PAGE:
Email Scam: Phishing
Have you ever received an e-mail from company that began, "We suspect an unauthorised transaction on your account" or "During our regular verification of accounts, we couldn't verify your information"? If so, you've been a target of the scam called "phishing" (pronounced fishing"), which is also known as carding or branding. It's become a very common way of trying to con people into parting with personal information and stealing identities. According to statistics, one in five people fall for this new variation on an old trick. But with some simple precautions, you can avoid adding your name to the list of victims.
How It WorksThe perpetrators copy the design, layout and logos of an official e-mail, be it from a bank, Paypal or some other institution (virtually every bank in the U.K. and U.S. has been a victim). It won't have your name in the greeting, but there will be a sense of urgency in the message. The idea is for you to believe that the security of your account has been breached, so you'll click on the link in the mail and type in all the requested personal information. The only problem is that the link doesn't lead to an official site. Instead it takes you to a bogus site set up by the criminals, where they harvest that information.
The first attempts at phishing, just a few years ago, were quite crude. The English was poor, and the design was frequently amateurish. These days, however, they're very sophisticated, to the point where it's often hard to tell the fake from the real thing.
How to Identify a Phishing ScamIt can be difficult to figure out whether an e-mail is real or fake. However, the following offer very good indicators as to the legitimacy of the mail:
- Check the header (the part at the top of the mail, including address and subject line). If there are many addresses in the cc part, it's phishing
- Who is the letter addressed to? If it simply says "Dear customer," then beware. Proper e-mails will address you by name.
- Does the letter make sense? Are the grammar and spelling correct? If not, chances are it's a scam.
- Run your mouse over the link in the mail. If it's legitimate, the address that you see at the bottom of your screen (in the grey area) should be identical. A phishing mail will show a different address.
- There's an urgency in the message - if you don't respond within 48 hours, your account will be closed, for example. They want you to acct immediately.
How to Prevent PhishingEven with the best e-mail spam filters, it's impossible to stop every phishing message reaching your inbox. But there are steps you can take to make sure you're not hurt by them.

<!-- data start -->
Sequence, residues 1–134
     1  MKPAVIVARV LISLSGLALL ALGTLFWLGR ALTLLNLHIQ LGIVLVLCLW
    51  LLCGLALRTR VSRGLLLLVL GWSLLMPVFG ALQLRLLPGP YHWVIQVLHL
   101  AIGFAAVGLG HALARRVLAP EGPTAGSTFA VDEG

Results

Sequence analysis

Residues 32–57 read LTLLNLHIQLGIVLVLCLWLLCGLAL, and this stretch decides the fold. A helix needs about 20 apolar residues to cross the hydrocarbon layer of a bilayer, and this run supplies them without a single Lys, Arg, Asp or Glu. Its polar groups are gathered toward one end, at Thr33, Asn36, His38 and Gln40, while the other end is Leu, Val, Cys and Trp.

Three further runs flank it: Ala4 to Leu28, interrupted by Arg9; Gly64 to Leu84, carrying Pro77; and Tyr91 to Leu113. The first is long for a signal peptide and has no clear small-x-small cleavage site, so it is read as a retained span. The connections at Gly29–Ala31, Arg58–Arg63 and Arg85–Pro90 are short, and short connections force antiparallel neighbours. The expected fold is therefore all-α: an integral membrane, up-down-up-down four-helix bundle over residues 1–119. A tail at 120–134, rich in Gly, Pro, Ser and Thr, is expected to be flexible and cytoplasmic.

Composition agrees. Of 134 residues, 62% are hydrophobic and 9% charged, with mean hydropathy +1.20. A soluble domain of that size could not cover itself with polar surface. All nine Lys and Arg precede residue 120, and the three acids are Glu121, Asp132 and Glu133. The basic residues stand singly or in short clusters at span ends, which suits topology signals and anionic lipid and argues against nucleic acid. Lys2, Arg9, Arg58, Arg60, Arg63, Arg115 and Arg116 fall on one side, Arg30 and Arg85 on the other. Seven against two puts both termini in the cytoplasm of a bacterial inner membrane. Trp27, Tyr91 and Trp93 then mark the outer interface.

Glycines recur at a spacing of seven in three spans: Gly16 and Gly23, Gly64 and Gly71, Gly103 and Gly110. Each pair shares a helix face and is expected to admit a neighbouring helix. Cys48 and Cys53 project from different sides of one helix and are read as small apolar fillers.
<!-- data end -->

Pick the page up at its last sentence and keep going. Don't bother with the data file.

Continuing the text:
- Install a filter such as Mailwasher, which allows you to preview (and delete) e-mails before they're on your computer.
- Make sure you have both anti-virus software and a firewall installed on your computer, and update them very regularly.
- Sometimes phishing mails can install viruses; these will help prevent that happening.
- Be dubious about opening any attachment to an e-mail. These can contain viruses and spyware. Only open attachments that you were expecting, sent by people you know and trust.
- Never click on a link in an e-mail. Instead, open your browser, and type in the proper link. Don't copy and paste from the e-mail!
- Don't e-mail sensitive information. No legitimate organisation will ask for this in an e-mail. If in doubt, search online for a phone number and ring them.
- You should only perform online transactions with legitimate companies you trust. Never type in sensitive information unless you see a closed padlock in the bottom right-hand corner of your screen - that means the transaction is secure and encrypted. Even then, be careful; some phishers have forged security icons.
- Check your credit card and bank statements every month and report any suspicious activity.
- Report all suspected phishing mails to the institution being hoaxed.
What To Do If You Think You've Been PhishedIf you feel you've been scammed, your actions depend a great deal on the information you've given out. If it's just a password log on to the site immediately and change it. If you can't get into your account, inform the company so they can take action.
If you've given more information, then you should contact your banks and credit card companies, informing them and changing account numbers. Request a copy of your credit file from one of the credit reporting agencies and have a fraud alert put on your account.
Act quickly, and you can minimise any damage. The one thing you quite literally can't afford to do is fret and wait.
Phishing is widespread, and becoming even more so. The criminals behind it are becoming slicker and more sophisticated. But if you think carefully, you can avoid the traps.